10 Powerful Benefits of Teamwork in the Workplace

Illustration of a group of people attending a team meeting

In the Lord of the Rings trilogy, Frodo Baggins embarks on a dangerous quest to take the One Ring and destroy it by throwing it into Mount Doom, all with the help of the Fellowship of the Ring (which is comprised of four hobbits, an elf, a dwarf, a human and a wizard). Likewise, the Power Rangers are a group of five teenagers who band together to defeat Rita Repulsa and save the world in the process.

Some jobs simply cannot be done alone – as evidenced by movies, books and comics such as these – and require teamwork and trusted colleagues in the workplace to effectively complete the task at hand on time. After all, they say that two heads are better than one for a reason, and we’ve got 10 reasons for you.

Join us as we take a look at 10 important benefits of teamwork in the workplace.

1. It boosts productivity

First things first, working within a team allows for the workload to be shared equally among members and distributed according to each member’s skills and strengths.

Alex Azoury, founder and CEO of Home Grounds, notes that this can significantly impact a team’s efficiency: ‘Everyone has responsibility for completing their part of the larger workload. In a way, this removes overwhelm by allowing a team member to concentrate solely on producing one thing on time and to a high standard.’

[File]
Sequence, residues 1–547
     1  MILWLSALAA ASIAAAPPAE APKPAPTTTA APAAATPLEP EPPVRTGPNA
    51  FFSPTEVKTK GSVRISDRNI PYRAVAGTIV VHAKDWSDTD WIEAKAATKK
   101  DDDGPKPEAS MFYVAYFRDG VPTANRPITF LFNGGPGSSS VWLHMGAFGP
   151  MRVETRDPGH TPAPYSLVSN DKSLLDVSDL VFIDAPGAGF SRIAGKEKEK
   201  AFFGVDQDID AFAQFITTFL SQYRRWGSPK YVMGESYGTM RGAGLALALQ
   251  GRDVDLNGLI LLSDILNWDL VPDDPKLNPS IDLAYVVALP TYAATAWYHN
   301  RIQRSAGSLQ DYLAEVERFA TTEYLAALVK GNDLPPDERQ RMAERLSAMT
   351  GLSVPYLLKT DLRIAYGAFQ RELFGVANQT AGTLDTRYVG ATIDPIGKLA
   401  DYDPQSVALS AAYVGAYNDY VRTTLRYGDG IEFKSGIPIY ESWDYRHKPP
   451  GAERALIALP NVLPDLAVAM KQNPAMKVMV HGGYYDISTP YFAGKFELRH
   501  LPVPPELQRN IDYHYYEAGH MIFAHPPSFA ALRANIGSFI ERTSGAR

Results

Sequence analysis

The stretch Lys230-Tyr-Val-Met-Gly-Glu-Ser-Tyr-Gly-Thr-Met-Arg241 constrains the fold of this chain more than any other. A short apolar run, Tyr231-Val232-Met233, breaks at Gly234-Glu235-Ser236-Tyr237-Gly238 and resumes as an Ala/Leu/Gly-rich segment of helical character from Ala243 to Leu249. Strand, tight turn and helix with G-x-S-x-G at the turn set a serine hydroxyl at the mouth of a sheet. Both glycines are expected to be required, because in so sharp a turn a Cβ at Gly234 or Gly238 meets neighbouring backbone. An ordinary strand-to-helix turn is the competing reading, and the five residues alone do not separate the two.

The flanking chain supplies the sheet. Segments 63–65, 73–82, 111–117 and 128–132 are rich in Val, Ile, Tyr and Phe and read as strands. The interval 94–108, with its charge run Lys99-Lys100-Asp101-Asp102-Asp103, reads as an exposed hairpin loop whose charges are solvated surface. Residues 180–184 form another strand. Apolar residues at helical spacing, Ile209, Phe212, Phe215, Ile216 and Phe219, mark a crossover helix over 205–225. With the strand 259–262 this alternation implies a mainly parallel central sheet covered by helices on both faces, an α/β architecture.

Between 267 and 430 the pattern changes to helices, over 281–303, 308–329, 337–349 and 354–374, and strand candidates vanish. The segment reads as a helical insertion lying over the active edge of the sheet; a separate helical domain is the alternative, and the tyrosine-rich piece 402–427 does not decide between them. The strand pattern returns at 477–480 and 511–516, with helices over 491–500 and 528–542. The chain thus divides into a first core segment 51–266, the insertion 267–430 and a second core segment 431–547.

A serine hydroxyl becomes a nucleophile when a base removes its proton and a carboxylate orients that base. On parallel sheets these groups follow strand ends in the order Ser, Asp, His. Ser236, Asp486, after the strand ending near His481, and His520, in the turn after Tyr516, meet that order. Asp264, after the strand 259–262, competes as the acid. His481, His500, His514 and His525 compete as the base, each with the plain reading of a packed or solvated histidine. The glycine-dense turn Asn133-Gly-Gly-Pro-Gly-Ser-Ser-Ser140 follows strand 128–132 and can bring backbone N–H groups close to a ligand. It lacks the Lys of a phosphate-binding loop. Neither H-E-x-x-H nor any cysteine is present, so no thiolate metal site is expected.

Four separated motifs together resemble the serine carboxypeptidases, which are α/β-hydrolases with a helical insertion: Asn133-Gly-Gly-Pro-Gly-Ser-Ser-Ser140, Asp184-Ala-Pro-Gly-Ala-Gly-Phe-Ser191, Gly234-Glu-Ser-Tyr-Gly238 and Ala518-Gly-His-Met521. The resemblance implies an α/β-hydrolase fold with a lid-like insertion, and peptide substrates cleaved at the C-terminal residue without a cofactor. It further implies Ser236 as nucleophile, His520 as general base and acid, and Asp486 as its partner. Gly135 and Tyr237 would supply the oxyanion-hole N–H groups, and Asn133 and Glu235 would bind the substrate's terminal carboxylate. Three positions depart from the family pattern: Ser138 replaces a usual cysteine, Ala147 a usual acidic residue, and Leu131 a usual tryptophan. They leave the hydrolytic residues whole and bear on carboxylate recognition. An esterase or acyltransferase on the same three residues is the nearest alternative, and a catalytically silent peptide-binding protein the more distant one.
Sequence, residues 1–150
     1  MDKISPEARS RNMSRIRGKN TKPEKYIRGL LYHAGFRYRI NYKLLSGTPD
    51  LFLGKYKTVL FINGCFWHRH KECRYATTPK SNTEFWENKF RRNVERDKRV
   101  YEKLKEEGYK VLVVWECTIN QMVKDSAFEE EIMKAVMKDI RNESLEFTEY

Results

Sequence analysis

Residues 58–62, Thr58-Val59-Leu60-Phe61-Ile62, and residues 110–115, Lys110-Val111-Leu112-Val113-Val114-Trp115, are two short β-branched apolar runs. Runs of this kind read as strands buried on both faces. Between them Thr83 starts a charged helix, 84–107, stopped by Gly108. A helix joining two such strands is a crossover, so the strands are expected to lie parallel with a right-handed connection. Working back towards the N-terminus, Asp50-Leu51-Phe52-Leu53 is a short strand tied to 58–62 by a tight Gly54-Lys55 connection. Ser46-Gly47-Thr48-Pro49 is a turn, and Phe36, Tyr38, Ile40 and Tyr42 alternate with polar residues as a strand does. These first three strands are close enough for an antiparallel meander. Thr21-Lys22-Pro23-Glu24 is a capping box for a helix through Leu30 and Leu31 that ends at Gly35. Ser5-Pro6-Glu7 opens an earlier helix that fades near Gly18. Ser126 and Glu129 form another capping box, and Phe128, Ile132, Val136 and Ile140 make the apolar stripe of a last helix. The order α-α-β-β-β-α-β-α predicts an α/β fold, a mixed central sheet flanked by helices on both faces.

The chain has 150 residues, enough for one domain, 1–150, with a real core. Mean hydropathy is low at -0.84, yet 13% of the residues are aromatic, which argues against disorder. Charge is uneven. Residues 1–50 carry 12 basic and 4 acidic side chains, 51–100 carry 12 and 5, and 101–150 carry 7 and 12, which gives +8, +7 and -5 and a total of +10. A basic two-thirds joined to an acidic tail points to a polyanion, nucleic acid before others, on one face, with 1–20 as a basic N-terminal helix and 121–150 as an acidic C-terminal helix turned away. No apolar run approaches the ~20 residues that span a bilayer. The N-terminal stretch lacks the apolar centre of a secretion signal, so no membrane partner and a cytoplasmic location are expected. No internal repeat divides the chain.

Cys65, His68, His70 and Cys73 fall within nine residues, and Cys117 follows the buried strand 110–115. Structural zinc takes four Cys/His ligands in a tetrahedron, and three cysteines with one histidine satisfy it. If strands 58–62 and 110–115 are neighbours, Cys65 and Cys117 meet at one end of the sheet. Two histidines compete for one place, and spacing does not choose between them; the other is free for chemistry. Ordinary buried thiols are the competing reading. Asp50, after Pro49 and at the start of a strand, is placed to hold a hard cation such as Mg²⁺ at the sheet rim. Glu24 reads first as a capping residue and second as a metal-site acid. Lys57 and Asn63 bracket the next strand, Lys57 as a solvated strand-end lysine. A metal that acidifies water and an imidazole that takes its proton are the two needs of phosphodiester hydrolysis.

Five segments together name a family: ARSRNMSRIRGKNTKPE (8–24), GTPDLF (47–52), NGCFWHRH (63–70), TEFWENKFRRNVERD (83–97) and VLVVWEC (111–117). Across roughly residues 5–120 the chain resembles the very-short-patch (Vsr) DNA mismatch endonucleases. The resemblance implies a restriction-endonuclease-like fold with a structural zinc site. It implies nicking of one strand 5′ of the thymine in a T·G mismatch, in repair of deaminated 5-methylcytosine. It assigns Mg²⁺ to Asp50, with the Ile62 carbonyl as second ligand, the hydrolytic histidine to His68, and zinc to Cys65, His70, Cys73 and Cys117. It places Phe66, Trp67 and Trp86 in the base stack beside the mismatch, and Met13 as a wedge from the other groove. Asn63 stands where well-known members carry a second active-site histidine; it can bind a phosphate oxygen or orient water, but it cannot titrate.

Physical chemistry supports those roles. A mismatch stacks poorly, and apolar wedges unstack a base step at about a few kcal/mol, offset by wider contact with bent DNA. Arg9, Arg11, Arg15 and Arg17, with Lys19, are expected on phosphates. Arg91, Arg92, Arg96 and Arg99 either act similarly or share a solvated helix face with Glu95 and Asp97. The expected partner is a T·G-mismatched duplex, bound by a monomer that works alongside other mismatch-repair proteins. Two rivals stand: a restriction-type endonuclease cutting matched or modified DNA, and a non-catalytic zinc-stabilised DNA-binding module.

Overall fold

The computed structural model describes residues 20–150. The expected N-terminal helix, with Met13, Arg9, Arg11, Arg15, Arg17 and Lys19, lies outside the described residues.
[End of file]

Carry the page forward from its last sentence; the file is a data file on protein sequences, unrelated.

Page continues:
With more hands on deck, tasks are completed faster and more efficiently, thereby increasing productivity.

For example, if one employee has to deliver an important report within 24 hours but has a backlog of 72 hours’ worth of work, the end result will most likely be subpar. Worse, still, they might not even be able to finish it at all. However, if they were to collaborate with someone else, chances are the report will be delivered with plenty of time to spare.

2. It provides a support network

A strong team environment is essential for the success of any business, especially during difficult and challenging times when team members will help and rely on each other for support and guidance. This allows them to remain focused on the goal and complete projects more efficiently.

Yaniv Masjedi, CMO at Nextiva, reports: ‘If your team doesn’t trust each other, they won’t utilise the skills of other team members, and will try and do everything on their own… For an efficient team to function, all members of the team need to know they are valued and supported by the other members of the team. Team members can work together to become greater than the sum of their parts when they know what each other are good at and trust in each other’s competence.’

Conversely, a stressed-out individual with a heavy workload working alone is at risk of becoming overwhelmed and making bad and costly decisions.